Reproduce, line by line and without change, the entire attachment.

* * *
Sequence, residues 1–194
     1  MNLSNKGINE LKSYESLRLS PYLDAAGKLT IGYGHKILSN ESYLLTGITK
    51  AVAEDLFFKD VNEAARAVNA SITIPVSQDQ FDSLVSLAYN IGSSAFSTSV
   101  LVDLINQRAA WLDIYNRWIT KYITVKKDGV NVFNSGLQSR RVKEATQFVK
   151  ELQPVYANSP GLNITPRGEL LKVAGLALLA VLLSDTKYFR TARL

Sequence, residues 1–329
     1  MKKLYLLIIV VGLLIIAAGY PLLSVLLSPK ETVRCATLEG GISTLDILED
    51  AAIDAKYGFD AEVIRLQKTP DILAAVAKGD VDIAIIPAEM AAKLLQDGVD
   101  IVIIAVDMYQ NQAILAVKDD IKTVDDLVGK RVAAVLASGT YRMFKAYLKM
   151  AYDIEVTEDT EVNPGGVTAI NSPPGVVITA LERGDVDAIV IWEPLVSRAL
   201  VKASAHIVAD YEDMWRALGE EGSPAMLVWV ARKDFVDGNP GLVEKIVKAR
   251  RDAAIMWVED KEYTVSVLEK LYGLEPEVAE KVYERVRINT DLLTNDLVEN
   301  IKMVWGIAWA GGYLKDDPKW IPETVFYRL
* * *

Sequence, residues 1–194
     1  MNLSNKGINE LKSYESLRLS PYLDAAGKLT IGYGHKILSN ESYLLTGITK
    51  AVAEDLFFKD VNEAARAVNA SITIPVSQDQ FDSLVSLAYN IGSSAFSTSV
   101  LVDLINQRAA WLDIYNRWIT KYITVKKDGV NVFNSGLQSR RVKEATQFVK
   151  ELQPVYANSP GLNITPRGEL LKVAGLALLA VLLSDTKYFR TARL

Sequence, residues 1–329
     1  MKKLYLLIIV VGLLIIAAGY PLLSVLLSPK ETVRCATLEG GISTLDILED
    51  AAIDAKYGFD AEVIRLQKTP DILAAVAKGD VDIAIIPAEM AAKLLQDGVD
   101  IVIIAVDMYQ NQAILAVKDD IKTVDDLVGK RVAAVLASGT YRMFKAYLKM
   151  AYDIEVTEDT EVNPGGVTAI NSPPGVVITA LERGDVDAIV IWEPLVSRAL
   201  VKASAHIVAD YEDMWRALGE EGSPAMLVWV ARKDFVDGNP GLVEKIVKAR
   251  RDAAIMWVED KEYTVSVLEK LYGLEPEVAE KVYERVRINT DLLTNDLVEN
   301  IKMVWGIAWA GGYLKDDPKW IPETVFYRL